A more compact bore hole apparatus usable with the amplifying and recording equipment of Figure '7 for obtaining .these curves is shown in Figure 9. In this embodiment, a plurality of longitudinally extending bow springs I6 and 66 are secured at their opposite ends to spaced apart collars 6| and 62 which are slidably mounted on a tubular support 83. The collars 6| and 62 may be of multiple unit construction and are preferably made of sound insulating material, Stop members 84 and serve to limit the excursion oi the assembly along the tubular support 66.
Mounted intermediate the ends of the bow spring 16 is a cutting contact 66, while the bow spring 86 is provided with a button-shaped contact 61. Secured to the bow springs 16 and 66 directly behind the contacts 66 and 61, respectively, are pressure tight casings 86 and 66, respectively, containing the microphones 66 and 6|, respectively. The microphone 66 is connected to the conductors I6 and H in the supporting cable 62 and the microphone 9| is connected to the conductors l4 and 15,-the rest of the recording circuit being as shown in Figure 7. Sufficient slack is provided in the wires connecting the microphones 96 and 9| to the conductors in the cable 62 to permit full operational movement of the bow springs 19 and 66 in all directions without breaking the circuits.
. During operation, a log like the curve 39 in Figure 6 is obtained with the system comprising the button-shaped contact 81, the spring 66, the microphone 6|, the conductors I4 and 15, the amplifier l6, and the recorder 11 (Fig, 7). Simultaneously, a log like the curve 4| in Figure 6 is obtained with a system comprising the cutter contact 66, the spring 16, the microphone 66, the conductors I6 and II, the amplifier 12, and the recorder 18 (Fig. 7). V
For convenience in utilizing commercially available equipment, instruments like the amplifier and recorder are shown at the surface; however, it is to be understood that by proper designing, it would be possible to incorporate part or all of this equipment with the bore hole apparatus to achieve the same results. For example, the recording may be done in the bore hole. By proper selection of the microphone andsound recorder, they may be directl connected, or the output of the microphone may be amplified and at the surface, or may be supplied from batteries associated with the bore hole equipment, In the latter case, the electrical cable may be dispensed with and the log ing unit may be lowered on any cable or on a drill pipe. Also, the'sound recording equipment may be disposed in the hole and part of the output of the microphone or amplifier sent to the surface for aural observation or recording. Time or other convenient signals may be added to make a suitable impression on the record. These signals are then used subsequently to assign depths to the record by methodswell known in the art.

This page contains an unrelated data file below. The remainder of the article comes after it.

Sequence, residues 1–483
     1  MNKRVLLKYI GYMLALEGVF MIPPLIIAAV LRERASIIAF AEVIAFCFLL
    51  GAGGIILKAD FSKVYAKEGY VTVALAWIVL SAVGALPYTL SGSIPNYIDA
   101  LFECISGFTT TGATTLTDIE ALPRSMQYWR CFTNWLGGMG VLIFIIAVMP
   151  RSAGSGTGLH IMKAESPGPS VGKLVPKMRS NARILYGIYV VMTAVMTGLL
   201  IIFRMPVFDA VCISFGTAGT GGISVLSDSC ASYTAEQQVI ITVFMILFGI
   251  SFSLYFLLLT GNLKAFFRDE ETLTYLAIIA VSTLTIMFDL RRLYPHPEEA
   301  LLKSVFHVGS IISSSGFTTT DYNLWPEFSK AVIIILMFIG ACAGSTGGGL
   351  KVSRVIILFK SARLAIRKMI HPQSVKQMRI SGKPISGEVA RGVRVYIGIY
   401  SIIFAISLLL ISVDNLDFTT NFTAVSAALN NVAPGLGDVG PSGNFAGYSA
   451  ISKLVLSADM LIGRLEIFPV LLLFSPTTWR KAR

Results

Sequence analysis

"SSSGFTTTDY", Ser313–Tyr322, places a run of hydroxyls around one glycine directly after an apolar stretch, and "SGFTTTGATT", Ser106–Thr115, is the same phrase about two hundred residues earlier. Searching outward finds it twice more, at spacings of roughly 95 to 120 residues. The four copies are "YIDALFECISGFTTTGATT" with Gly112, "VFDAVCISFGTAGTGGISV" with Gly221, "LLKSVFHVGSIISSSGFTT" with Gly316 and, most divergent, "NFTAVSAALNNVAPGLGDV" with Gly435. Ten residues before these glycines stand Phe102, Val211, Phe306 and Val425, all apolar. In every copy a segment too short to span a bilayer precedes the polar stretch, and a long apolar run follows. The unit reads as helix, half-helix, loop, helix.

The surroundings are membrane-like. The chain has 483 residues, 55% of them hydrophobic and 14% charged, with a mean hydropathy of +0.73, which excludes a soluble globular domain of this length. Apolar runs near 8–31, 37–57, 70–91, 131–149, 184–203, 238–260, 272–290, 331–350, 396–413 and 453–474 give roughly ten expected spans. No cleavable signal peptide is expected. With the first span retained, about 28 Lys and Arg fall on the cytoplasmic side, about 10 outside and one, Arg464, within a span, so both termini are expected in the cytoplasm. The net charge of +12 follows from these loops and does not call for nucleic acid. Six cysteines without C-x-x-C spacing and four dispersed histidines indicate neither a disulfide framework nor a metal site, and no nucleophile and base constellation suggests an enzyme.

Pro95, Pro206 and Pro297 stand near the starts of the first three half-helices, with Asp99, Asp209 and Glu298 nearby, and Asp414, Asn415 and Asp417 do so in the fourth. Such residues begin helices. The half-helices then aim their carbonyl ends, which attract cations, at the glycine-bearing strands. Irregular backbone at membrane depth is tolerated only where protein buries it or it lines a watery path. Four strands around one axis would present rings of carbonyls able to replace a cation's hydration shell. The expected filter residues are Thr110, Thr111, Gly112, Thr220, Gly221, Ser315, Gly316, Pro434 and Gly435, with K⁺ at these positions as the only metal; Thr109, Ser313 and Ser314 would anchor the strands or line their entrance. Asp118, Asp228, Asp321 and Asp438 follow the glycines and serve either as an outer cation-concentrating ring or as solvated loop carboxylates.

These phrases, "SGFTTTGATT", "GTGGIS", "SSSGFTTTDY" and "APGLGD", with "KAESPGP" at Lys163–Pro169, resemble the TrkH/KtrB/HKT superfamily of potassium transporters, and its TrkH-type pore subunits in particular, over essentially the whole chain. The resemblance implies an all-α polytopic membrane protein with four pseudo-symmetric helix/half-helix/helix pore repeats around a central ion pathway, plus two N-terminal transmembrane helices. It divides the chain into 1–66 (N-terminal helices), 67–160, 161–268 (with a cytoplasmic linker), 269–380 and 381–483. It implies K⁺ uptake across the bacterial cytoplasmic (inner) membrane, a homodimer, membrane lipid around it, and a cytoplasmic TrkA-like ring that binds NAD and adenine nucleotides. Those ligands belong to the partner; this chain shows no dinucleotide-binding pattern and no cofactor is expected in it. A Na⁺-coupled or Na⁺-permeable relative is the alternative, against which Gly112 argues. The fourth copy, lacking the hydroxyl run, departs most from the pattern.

From the inherent nature of the apparatus, it is possible to use it in a cased hole for the purpose of locating casing joints or other anomalies, since a distinct impulse of noise will be heard when the apparatus is moved past such an irregularity in the casing.
It is evident that by stopping the apparatus in the hole, any noises existing therein due to movement of fluid to or from the formation or from other sources can be picked up by the microphone. By stopping at definite intervals throughout the bore hole, the location of the source of the noise can be determined, If the springs are removed, the necessity for stopping is eliminated and the source of sound can be located by a continuous procedure. Thus it may be employed to locate the producing strata in a flowing well .or the levels where water flows into the well.
The specific embodiments disclosed are intended merely to be illustrative and not restrictive. The invention is not to be in any way limited thereby, but is susceptible of numerous changes in form and detail withirfthe scope of the appended claims.
1. Apparatus for investigating earth formations traversed by a bore hole, comprising, first wall engaging means adapted to be moved through the bore hole in engagement with the wall thereof and being relatively smooth where it engages said wall, second wall engaging means, movable with said first wall engaging means,.and having a cutting edge where it engages the wall of the bore hole, vibration responsive means associated with each of said wall engaging means, and means for indicating the responses of said respective vibration responsive means.